The title of this entry is also the title of a panel I’m moderating at the Interactive portion of the annual South by Southwest festival in Austin, at 3:30 on March 14.
The panelists include Phillip Torrone and Natalie Zee from O’Reilly’s Make magazine, Cameron Shaw from AOL, and Limor Fried from EYEBEAM (and late of MIT’s Media Lab). The panelists will be talking about how consumers of media are becoming producers of media (and media objects).
I’ll talk a bit about how blogs and wikis and other online social media are putting people at the center of their own information ecosystems instead of relegating them to the fringes of a mass-media dominated discourse, but mostly I’ll be introducing the other speakers and keeping time.
I’m not sure how well the SXSW banner fits the design of this site, so I’m going to let it gradually scroll off the page along with this entry instead of stowing it in the sidebar.
Archive for February, 2006
danah boyd has posted her “crib notes” for a talk she gave at an American Association for the Advancement of Science conference in February, Identity Production in a Networked Culture: Why Youth Heart MySpace.
Worth reading for everyone curious (or fretting) about MySpace’s popularity with the young.
Despite the first flush of support when Jason Kottke announced his plan to make his blog his full time job, News.com reports that Full-time blogger Kottke throws in the towel.
Sorry to hear it.
No doubt Jason will continue to make an excellent blog the way most of us do it, in our copious free time.
AIGA, a designers’ professional association is relaunching its web journal, GAIN:
The Gain journal is dedicated to stimulating thinking at the intersection of design and business. Through rigorous case studies and thoughtful interviews, the journal demonstrates how the process of design can be used to solve business problems, foster innovation, build meaningful customer relationships and differentiate products from competitors.
Gain has a new team: managing editor, Karen McGrane, and mailing list moderator, Jeff Lash….
[R]eaders are invited to join a discussion through a new mailing list, AIGA-Gain –an informal, open discussion on topics at the intersection of design and business. The mailing list will focus on one topic per week.
Stu Nicholls has created a little web-native video game powered by CSS. It’s maddening, though. I can’t seem to win.
The good folks at Participatory Culture have unveiled a key component of their “Democracy Internet TV” platform, the desktop Democracy Player software (for Windows only, so far):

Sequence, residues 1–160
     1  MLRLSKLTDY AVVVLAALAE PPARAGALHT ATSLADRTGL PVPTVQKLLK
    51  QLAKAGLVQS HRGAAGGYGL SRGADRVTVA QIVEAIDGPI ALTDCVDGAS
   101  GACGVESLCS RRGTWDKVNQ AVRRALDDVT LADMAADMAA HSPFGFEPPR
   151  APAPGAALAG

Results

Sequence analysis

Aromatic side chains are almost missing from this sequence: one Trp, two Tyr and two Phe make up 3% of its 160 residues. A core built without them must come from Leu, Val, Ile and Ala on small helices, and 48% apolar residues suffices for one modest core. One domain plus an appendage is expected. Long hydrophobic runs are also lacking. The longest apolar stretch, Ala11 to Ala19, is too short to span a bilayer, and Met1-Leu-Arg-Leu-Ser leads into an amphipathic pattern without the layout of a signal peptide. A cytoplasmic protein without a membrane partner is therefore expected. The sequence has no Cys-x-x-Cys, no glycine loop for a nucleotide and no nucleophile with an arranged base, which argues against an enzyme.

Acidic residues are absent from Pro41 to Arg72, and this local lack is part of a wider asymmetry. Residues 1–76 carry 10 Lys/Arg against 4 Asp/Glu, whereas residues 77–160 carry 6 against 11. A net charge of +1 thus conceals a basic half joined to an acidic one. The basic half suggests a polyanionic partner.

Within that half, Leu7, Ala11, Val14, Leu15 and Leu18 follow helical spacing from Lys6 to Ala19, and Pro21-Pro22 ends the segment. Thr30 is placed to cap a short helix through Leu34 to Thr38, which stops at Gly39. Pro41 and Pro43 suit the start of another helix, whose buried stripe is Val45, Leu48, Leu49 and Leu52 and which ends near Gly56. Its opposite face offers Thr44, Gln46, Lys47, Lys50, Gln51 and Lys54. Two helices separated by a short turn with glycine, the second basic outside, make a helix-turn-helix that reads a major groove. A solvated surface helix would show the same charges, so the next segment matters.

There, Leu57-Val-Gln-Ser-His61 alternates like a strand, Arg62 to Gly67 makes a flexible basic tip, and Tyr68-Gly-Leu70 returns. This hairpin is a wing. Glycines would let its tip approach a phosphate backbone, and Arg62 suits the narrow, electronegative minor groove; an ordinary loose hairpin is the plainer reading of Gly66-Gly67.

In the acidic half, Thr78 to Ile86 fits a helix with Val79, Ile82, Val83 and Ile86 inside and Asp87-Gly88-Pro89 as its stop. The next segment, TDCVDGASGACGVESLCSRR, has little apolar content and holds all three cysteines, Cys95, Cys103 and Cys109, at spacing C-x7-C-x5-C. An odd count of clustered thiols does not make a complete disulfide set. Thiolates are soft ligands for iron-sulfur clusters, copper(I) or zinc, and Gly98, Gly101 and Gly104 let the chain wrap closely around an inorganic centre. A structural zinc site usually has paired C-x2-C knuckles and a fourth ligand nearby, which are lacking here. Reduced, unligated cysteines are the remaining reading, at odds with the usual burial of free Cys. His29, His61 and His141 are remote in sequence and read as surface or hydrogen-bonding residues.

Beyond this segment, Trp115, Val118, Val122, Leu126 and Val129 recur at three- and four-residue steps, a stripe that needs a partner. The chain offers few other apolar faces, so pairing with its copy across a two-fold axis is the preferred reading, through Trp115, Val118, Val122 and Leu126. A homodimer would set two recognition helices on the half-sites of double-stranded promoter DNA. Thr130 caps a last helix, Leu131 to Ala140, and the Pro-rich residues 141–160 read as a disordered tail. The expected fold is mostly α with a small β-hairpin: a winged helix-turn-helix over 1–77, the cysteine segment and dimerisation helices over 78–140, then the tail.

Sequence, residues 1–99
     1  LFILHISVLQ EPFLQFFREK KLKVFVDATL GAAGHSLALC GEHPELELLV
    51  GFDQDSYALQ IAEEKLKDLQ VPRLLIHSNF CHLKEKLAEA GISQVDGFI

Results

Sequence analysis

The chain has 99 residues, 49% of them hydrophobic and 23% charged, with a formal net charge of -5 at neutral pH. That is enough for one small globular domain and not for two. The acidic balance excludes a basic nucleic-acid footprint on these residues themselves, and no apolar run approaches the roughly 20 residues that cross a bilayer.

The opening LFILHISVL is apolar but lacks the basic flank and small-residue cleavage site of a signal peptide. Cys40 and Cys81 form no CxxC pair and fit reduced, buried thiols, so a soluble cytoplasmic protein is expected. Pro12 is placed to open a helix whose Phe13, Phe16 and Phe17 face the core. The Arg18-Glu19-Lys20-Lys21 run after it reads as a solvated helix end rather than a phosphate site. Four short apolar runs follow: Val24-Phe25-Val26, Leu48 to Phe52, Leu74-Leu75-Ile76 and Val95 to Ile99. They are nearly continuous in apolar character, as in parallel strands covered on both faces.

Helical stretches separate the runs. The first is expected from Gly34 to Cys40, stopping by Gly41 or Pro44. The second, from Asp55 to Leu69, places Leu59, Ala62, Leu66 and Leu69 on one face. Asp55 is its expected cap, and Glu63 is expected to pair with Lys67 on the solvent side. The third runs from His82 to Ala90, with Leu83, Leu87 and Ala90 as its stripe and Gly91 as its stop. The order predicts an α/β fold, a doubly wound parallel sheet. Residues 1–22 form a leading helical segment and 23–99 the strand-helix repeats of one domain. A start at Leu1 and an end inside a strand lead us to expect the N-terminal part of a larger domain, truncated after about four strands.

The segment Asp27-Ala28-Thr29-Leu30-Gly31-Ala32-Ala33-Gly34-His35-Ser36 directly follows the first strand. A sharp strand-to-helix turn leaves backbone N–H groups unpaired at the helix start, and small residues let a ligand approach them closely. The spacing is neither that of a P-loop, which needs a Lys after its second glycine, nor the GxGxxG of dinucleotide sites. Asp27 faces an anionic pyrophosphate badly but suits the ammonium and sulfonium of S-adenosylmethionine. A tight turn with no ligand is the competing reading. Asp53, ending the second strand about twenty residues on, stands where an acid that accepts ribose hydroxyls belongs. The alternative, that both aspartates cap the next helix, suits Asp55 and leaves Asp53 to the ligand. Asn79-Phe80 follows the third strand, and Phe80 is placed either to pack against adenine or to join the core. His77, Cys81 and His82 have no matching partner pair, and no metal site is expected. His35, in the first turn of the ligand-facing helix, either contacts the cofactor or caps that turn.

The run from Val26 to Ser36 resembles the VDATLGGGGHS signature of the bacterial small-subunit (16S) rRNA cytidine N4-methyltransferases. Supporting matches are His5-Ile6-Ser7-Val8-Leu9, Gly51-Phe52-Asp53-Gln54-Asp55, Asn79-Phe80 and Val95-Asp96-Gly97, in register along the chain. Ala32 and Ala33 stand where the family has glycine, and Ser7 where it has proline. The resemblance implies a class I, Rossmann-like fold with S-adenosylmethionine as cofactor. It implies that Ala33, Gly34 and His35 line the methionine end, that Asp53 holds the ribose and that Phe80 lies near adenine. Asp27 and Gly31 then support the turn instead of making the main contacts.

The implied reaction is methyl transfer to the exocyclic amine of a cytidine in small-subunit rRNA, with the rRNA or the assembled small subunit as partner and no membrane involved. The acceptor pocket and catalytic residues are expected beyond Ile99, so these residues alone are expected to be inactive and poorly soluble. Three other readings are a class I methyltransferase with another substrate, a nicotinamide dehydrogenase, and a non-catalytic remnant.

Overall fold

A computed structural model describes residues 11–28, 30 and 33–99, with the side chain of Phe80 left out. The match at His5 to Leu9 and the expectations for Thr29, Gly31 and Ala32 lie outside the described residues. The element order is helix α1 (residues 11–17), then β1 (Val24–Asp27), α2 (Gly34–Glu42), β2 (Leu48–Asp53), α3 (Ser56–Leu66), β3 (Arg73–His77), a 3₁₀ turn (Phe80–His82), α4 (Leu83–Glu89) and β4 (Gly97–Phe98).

> This Windows version, while still in beta, means that we now have a complete set of tools for democratizing online video — and marks the beginning of our campaign to establish a free, open-source video platform.
> We’re re-naming the desktop software Democracy player (formerly DTV)…. We hope you agree that open tools for publishing, watching, and sharing video are important for the future of online media.
Last night I had one of those long elaborate dreams with several movements in it. Near the end, though, just before I woke up, I was in a big bed after a long night and Oprah Winfrey showed up in my hotel room I think it was. She was going to get in bed with me and I remember thinking to myself, “This probably won’t hurt my career.”
First of all, Web 2.0 is definitely hype. It’s a marketing concept whose meaning varies depending on who you are talking to. For some it means web-as-application-platform, for others it means social web (or living web), and for others still it means a new round of VC investment and rags-to-riches tales.
So let’s get that part straight: Web 2.0 is hype. But Is Web 2.0 Just Hype?
Is web 2.0 just hype? That is the question:
It’s interesting to me that while the Web has been around for 10 years, we’ve only gotten to version 2.0 in the last year or so. I mean, with the advent of the Internet, it seemed like most software was getting a new version every couple months, not once a decade. And yet, Web 2.0 is on a lot of lips these days. But what is Web 2.0? According to Wikipedia, Web 2.0 is “what some people see as a second phase of development of the World Wide Web, including its architecture and its applications.” It is often defined by the technology that is used to create the applications that are considered Web 2.0 – such as AJAX and SOAP. In fact, the word application is often what defines a site as a Web 2.0 site. It is not just a static repository of information, but rather an application that customers use to get more information, make more information, or interact with existing information in new ways.